Tuesday, April 25, 2006

Peter Maxwell Davies' "The Golden Rule" for Queen's 80th

Birthday service tribute to Queen at 80

From the Telegraph - 23/04/2006

The Queen has been praised for giving the nation "heart" during a special service of thanksgiving to mark her 80th birthday.
Hundreds of people filled St George's Chapel in the precincts of historic Windsor Castle to celebrate her landmark age.
The Queen's actual birthday was celebrated on Friday with a mix of public and private events - a traditional Royal walkabout and a family dinner hosted by the Prince of Wales for his "darling Mama".
But today the focus was a Christian service, taking account of the Queen's role as Head of the Church of England, a position she views as deeply important.
The Rt Reverend David Conner, the Dean of Windsor, paid tribute to the monarch's "sense of calmness, serenity and stillness" in his sermon at St George's Chapel.
He singled out the Queen's Christian faith, saying it was the "very bedrock" of her life.
"On this particular St George's Day, in St George's Chapel, family and friends and neighbours have gathered to join in thanksgiving for the birthday of our Queen," Bishop David told the congregation, which included senior royals, friends of the monarchy and staff.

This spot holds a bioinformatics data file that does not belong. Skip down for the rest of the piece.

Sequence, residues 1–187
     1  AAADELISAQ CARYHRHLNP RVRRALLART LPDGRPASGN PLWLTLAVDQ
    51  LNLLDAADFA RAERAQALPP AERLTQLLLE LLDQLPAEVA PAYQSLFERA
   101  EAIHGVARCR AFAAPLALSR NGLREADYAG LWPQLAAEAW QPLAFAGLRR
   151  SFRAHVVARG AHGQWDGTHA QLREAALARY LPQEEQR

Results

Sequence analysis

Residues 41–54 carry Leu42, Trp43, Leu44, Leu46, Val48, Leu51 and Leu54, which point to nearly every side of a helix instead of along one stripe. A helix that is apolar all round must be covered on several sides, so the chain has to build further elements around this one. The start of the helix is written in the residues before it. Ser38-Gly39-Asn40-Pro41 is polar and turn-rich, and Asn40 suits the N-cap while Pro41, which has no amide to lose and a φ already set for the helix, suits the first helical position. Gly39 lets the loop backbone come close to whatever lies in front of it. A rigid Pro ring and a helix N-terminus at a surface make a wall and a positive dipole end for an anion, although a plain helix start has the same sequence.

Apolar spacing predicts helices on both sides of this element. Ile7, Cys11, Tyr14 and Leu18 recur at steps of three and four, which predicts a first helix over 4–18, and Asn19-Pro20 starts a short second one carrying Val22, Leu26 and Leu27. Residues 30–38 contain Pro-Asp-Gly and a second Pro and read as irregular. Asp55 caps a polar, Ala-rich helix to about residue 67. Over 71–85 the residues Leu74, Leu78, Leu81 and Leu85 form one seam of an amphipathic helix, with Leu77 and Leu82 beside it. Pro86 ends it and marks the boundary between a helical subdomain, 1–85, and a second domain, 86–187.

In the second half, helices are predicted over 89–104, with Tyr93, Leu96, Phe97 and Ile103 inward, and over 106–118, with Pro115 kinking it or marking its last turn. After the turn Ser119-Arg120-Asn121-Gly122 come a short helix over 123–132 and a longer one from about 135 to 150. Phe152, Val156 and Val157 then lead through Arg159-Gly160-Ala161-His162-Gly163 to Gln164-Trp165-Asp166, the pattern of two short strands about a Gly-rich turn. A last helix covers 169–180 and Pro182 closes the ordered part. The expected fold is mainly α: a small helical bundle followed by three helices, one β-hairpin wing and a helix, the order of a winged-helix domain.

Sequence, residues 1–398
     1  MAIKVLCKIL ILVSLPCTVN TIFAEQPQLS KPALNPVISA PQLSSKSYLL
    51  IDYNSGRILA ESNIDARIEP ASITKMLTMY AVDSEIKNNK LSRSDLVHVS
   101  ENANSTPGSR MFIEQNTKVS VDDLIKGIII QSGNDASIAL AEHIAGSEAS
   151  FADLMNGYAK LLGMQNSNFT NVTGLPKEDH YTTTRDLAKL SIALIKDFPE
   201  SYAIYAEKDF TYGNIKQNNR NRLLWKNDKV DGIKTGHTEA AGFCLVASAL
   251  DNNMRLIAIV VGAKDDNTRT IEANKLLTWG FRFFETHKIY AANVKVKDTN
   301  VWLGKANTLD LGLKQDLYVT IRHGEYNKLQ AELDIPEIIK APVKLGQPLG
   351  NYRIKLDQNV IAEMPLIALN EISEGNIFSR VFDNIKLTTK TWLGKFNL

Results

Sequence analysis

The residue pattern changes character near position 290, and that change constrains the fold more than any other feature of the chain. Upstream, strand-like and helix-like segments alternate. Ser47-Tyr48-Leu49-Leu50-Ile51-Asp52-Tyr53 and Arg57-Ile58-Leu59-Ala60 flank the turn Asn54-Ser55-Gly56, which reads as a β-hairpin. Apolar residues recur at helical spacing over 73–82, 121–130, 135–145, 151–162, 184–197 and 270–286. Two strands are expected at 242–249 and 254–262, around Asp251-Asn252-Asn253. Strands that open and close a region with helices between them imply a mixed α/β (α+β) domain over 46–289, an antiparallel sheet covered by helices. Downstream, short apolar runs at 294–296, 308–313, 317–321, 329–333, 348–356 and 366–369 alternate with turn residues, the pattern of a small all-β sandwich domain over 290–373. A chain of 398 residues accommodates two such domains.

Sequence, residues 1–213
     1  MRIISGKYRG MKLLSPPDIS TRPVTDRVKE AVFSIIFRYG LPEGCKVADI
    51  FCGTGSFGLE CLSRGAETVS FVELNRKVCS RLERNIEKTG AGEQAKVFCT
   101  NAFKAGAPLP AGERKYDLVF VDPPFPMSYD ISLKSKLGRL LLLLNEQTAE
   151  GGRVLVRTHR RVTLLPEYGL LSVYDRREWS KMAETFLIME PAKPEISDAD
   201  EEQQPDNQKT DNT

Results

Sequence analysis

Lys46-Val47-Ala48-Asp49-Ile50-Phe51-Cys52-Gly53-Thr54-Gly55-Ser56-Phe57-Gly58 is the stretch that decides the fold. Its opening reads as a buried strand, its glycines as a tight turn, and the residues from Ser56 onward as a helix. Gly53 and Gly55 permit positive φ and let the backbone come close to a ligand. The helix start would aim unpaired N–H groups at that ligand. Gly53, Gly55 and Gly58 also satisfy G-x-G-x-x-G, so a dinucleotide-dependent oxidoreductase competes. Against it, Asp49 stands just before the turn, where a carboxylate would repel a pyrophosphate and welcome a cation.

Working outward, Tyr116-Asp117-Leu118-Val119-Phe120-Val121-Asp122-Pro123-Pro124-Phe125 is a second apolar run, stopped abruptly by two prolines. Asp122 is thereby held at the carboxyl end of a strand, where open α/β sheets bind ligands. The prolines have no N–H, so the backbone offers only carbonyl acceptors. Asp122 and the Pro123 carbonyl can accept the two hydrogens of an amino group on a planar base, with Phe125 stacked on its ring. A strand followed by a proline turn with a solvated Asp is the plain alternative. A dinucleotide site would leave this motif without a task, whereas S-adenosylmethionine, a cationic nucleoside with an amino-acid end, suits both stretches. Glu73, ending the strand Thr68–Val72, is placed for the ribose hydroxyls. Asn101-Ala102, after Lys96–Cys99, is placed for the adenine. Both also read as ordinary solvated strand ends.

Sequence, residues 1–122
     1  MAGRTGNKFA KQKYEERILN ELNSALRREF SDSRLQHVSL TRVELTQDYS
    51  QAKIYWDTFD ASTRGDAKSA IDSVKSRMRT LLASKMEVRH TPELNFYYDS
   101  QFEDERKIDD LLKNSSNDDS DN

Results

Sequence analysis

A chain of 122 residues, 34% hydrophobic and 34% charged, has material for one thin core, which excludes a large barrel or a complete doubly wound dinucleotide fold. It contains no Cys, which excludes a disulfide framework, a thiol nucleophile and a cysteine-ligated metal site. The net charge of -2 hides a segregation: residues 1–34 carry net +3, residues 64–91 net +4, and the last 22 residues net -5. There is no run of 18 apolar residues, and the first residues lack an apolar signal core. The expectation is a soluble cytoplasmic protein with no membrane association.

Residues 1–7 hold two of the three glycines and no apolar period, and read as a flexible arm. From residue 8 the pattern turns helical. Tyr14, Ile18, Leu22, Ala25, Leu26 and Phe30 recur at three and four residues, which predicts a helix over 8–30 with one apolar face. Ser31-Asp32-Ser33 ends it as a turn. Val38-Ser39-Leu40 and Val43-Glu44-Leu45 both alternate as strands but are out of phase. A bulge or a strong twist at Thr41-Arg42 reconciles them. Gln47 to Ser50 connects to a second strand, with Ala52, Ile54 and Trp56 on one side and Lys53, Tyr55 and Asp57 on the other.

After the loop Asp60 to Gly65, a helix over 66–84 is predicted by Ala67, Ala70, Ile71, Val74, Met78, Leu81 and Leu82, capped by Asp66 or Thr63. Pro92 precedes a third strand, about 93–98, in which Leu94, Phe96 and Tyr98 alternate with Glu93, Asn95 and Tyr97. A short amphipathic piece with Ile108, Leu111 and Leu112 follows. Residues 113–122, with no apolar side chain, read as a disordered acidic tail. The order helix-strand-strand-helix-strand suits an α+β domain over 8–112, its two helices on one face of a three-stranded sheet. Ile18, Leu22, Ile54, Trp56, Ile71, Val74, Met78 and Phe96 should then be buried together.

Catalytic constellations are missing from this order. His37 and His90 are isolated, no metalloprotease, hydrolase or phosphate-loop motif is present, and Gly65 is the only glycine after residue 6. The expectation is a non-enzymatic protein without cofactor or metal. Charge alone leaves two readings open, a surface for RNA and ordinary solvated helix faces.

"As we do so, I have a hunch that every one of us will be expressing gratitude, for some kind of encouragement received as we have tried, in our ordinary lives, to be decent and to care.
"Your Majesty, not so much through word as by unselfconscious good example, you encourage us; you give us heart."
Among the 700 guests were former prime ministers Baroness Thatcher and Sir John Major, Earl Spencer, the brother of Diana, Princess of Wales, and the Agha Khan.
A special birthday prayer written for the occasion began the proceedings in the ornate 15th century chapel as voices of the choir filled the historic building.
An anthem by the Poet Laureate Andrew Motion was also performed. "The Golden Rule", written as a birthday tribute, was sung by the choir and set to music by the Master of The Queen's Music Sir Peter Maxwell Davies.


Tribute to 'steadfast' Queen

From the Daily Mail - 23rd April 2006

The Queen's enduring qualities of constancy, serenity and her ability to give the nation "heart" were praised at a special service of thanksgiving to mark her 80th birthday.
The Right Reverend David Connor expressed the country's "gratitude" to the Monarch as the Royal family, dignitaries and other guests gathered together in St George's Chapel in the precincts of historic Windsor Castle.